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Seismic Refraction and Wide-Angle Reflection Surveys

Schematic of seismic refraction technique.

Seismic refraction and wide-angle reflection (R/WAR) surveys are an essential complement to the deep reflection surveys. In contrast to the near-vertical-incidence seismic reflection surveys, seismic R/WAR surveys make use of the arrival times and amplitudes of waves refracted through the crustal layers and reflected at oblique angles from layer boundaries. The sound energy generated by large explosive sources (200 to 3000 kg) travels in arcuate paths, primarily horizontal for refractions and obliquely for wide-angle reflections, and is recorded at distances from the source of a few to many hundreds of kilometers.
The goal of R/WAR surveys is to provide velocity and structural information with a resolution in the order of kilometers, rather than hundreds of meters, as in the case of reflection surveys. It gives us the speed of sound within individual layers. Because it covers greater distances, seismic refraction describes the big, regional picture, while seismic reflection pinpoints the detail in smaller areas. In particular, the refraction technique can provide:

quantitative values for velocity variation with depth, including velocity gradients, information that is essential for translating seismic reflection data from time to depth sections (for which one needs to know the velocity of sound in the various layers through which the seismic reflection signal has travelled) and for determining the composition and state of the crust;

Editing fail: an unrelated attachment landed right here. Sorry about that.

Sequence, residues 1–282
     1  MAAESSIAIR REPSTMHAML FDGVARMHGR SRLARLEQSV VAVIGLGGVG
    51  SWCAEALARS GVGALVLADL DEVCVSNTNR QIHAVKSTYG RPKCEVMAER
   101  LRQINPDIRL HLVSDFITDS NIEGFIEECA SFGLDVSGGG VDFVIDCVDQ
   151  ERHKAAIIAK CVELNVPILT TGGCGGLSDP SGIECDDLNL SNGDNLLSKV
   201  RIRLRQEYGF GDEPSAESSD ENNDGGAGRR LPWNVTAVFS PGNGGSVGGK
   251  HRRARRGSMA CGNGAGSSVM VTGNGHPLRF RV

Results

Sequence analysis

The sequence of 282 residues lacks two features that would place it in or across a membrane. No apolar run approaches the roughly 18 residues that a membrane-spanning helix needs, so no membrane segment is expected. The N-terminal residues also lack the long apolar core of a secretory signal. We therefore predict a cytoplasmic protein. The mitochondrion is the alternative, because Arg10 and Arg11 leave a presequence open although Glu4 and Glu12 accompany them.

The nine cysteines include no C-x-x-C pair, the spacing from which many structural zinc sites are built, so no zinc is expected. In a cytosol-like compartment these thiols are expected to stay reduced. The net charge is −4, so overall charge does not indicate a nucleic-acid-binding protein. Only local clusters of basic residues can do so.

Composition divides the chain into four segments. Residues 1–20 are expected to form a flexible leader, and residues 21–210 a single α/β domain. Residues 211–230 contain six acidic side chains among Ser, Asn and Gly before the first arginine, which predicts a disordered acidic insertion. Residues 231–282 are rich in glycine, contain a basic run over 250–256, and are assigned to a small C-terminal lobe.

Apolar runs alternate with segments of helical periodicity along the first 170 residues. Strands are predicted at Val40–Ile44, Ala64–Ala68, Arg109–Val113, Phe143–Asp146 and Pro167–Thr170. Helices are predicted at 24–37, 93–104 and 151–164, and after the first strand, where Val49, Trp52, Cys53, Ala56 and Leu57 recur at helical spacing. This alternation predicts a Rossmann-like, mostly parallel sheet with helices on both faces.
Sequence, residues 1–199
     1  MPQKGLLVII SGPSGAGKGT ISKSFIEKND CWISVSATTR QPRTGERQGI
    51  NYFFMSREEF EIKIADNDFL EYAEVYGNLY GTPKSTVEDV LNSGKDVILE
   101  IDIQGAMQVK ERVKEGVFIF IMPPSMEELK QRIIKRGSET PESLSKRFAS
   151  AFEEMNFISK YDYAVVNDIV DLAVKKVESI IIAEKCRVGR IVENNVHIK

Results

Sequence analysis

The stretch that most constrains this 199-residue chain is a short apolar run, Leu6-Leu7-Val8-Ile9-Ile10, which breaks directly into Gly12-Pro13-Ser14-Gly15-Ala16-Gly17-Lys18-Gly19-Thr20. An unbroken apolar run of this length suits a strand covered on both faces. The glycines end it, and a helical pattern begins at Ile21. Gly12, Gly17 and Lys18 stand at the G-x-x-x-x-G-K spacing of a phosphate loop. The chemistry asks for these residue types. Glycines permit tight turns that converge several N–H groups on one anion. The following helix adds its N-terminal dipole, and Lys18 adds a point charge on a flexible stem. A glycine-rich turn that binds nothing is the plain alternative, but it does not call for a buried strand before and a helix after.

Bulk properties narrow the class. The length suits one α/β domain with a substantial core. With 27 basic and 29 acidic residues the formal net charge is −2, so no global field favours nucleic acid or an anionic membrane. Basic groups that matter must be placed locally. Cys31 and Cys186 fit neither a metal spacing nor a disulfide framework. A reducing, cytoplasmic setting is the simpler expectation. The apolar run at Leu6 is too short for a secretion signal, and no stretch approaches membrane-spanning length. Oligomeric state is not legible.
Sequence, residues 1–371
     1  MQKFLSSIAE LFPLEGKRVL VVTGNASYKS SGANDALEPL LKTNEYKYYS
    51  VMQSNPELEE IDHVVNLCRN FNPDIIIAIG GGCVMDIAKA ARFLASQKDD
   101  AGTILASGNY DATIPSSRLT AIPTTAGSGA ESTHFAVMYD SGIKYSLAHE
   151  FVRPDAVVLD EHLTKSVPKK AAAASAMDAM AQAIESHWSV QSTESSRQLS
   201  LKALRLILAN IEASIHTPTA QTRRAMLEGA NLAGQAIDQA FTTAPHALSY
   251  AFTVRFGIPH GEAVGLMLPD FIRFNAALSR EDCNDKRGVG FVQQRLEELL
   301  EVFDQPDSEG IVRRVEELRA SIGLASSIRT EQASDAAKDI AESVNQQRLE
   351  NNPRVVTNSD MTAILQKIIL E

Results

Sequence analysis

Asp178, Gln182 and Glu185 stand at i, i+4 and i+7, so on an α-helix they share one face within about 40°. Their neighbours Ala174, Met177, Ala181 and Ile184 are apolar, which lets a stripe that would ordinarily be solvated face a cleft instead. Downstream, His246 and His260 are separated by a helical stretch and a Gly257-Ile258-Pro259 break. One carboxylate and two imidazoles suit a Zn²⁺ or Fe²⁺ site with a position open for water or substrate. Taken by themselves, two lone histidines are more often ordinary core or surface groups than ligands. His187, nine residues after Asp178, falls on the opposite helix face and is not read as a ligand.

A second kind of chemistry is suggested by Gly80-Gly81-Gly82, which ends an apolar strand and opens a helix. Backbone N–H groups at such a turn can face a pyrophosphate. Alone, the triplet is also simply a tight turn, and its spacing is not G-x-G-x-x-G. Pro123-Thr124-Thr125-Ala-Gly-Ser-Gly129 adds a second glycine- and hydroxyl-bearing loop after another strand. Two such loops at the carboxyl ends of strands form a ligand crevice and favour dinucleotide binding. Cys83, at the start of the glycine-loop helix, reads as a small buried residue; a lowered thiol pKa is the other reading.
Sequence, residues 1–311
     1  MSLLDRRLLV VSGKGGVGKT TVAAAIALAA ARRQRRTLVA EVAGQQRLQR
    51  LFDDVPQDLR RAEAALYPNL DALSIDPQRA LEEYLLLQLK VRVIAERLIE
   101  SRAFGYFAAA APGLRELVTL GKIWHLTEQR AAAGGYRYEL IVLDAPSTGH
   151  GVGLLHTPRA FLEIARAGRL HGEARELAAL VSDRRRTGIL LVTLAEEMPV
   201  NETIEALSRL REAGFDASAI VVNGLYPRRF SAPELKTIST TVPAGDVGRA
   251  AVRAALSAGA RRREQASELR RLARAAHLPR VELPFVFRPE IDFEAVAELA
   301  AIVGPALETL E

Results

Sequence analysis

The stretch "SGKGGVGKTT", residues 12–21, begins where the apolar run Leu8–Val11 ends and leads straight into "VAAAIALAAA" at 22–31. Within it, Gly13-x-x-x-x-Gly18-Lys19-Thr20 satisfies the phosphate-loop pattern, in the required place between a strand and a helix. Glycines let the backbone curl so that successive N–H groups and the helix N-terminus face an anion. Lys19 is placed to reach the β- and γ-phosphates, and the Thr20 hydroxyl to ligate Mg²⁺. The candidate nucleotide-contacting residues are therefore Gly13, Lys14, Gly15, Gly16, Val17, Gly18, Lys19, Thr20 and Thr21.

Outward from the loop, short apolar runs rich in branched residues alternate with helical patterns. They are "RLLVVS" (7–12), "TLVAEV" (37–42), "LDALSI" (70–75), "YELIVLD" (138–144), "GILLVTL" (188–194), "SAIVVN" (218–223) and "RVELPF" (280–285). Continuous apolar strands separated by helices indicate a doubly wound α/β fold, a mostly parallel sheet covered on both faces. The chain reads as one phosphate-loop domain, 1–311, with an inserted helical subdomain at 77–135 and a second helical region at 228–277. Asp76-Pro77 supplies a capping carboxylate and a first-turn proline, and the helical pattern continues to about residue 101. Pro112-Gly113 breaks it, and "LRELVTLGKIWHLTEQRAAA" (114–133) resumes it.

an ability to map laterally-varying velocity structure economically over wide areas, especially allowing the high-resolution information determined along a two-dimensional reflection profile to be extrapolated away from that line to give a truly three-dimensional image of the crustal section;

an ability to map the topography of prominent velocity discontinuities such as those frequently found within the crust and at its base, especially the Mohorovicic discontinuity or Moho;

velocity functions for improved control on the stacking and migration procedures associated with reflection data processing, particularly the "fine tuning" needed for reprocessing.

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